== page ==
The alternative is that recipients have to spend ages pinching and scrolling to read the content, which will inevitably impact on click-throughs and conversions.
To find out a bit more about the process of shifting marketing emails to a responsive template, I spoke to Missguided's affiliate and email marketing manager Cath Higgs.
If one of the things we’ve learnt so far within digital marketing is that becoming more social is a key ways to succeed, does the installing of a paywall on newspaper run websites effectively mean ‘killing’ their shareability?
The most topical example of this is The Sun’s recent introduction of its subscription service. Named Sun+, this has attracted 117,000 subscribers to its £2 a week service in approximately three months.
With The Times, The Telegraph, Financial Times all having already installed paywalls at various points in their online existences, with varying degrees of success, has this made a difference to how their material is shared?
Do they even care? If they are making enough money from subscribers, then perhaps the volume of traffic is unimportant to them.
Within your own social circles, will followers of your channel be annoyed that you’re posting a link to something they need to pay for? This obviously introduces a whole new argument about the value of content, and whether it should be free or otherwise.
Our editor-in-chief Graham Charlton (pictured above) took an in-depth look at The Telegraph's metered paywall in his article earlier in the year, so let’s take a look at the other newspaper paywalls and attempt to shed some light on the questions raised.
The idea of being helpful, of providing content and resources to prospective and current customers that may not have anything to do with your organization, is a new and radical concept for many marketers.
"You mean you want me to publish content that doesn't sell my product?" The idea is simple: give people want they want and eventually they consider you a trusted resource.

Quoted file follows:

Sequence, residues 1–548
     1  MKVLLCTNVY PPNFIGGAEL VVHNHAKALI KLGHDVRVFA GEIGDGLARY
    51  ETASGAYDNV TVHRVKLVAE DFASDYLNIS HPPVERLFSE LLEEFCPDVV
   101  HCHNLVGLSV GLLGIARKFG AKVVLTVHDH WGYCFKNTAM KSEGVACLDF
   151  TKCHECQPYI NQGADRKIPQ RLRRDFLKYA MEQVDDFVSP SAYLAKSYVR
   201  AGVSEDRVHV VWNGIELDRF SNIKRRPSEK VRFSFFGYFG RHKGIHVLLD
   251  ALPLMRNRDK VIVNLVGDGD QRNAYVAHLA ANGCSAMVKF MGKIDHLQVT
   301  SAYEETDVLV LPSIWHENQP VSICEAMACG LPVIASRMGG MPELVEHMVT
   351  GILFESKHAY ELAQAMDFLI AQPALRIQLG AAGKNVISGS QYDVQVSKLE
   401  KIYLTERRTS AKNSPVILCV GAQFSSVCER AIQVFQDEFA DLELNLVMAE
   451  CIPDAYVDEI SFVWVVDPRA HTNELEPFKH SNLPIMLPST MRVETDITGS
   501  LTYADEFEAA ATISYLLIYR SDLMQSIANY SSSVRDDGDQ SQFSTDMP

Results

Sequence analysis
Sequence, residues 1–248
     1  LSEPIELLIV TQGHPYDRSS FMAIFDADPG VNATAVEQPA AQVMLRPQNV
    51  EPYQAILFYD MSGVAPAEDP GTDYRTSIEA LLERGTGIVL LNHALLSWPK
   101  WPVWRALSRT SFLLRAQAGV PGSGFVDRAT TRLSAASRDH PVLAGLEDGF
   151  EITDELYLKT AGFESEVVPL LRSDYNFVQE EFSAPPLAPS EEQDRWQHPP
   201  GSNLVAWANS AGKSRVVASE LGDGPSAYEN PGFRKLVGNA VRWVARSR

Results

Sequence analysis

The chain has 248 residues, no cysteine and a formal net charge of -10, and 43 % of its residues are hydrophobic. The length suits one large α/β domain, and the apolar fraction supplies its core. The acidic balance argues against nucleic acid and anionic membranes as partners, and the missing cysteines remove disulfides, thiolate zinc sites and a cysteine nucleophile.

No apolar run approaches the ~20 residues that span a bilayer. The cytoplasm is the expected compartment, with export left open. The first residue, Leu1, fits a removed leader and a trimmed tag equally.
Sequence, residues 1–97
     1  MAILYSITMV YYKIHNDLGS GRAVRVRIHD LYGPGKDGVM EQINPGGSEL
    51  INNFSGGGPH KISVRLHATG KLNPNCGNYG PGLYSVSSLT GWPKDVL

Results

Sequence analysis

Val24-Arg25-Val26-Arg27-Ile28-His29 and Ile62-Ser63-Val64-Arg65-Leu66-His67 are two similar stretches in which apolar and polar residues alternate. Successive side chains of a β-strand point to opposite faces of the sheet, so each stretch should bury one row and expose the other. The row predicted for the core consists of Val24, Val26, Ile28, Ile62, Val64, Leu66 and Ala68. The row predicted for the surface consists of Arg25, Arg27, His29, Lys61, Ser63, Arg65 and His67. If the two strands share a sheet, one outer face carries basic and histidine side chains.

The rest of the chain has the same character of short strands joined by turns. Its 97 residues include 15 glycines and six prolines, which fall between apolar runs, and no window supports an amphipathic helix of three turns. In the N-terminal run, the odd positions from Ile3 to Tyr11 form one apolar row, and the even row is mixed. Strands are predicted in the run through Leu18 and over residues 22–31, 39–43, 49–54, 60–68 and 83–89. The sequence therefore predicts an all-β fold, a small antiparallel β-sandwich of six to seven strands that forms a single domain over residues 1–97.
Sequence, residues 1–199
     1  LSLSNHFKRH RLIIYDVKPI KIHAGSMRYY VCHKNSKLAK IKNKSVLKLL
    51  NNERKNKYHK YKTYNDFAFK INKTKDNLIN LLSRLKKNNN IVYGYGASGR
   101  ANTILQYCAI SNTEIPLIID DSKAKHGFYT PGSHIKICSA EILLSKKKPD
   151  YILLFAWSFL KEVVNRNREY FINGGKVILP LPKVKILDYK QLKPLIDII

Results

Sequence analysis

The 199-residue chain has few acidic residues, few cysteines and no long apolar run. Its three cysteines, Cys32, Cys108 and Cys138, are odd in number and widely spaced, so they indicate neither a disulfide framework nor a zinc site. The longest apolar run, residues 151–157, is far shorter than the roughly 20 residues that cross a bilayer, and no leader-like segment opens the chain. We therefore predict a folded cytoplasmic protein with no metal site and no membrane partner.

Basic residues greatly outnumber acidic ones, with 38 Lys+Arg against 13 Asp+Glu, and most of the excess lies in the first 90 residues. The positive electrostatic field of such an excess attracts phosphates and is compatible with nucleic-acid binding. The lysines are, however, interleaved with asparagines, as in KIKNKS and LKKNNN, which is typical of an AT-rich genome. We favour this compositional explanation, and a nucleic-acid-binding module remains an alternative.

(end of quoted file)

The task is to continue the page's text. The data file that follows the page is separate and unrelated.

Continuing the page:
But is being helpful enough? Is helpfulness really useful? Or are marketers spinning their wheels creating content that, even though it's helpful, no one really wants?
Although being helpful is something marketers should strive towards as a way to foster engagement, useful should be the end-goal: giving people content they need to solve their problems, when they need it, and in the specific format they want.
Christmas shopping can be a painful experience, particularly when you find yourself in a busy shopping centre on a Saturday afternoon facing huge crowds and massive queues.
So it probably comes as no surprise to hear that levels of satisfaction with online shopping improve slightly during the festive season, while the opposite is true for the in-store experience.
A survey by eDigitalResearch found that a quarter (25%) of shoppers feel that online shopping experiences improve at Christmas, while 42% of respondents stated that their overall in-store experience deteriorated at this time of year.
Improved satisfaction is mainly down to the lack of queues (53%), but price (51%) and the range of products available online (51%) are also seen as key benefits of ecommerce.
Companies that sell their services based on a subscription model have a difficult task on their hands when it comes to designing a simple but persuasive pricing page.
It’s something we’ve tinkered with a great deal here at Econsultancy as the only way to find the most effective balance is by testing different elements and combinations.
To see if there are any best practices or common design elements when creating subscription pages, I visited the sites of four different SaaS (software as a service) vendors.
For many SaaS companies, it’s actually impossible to find out a pricing model without getting in contact with them first.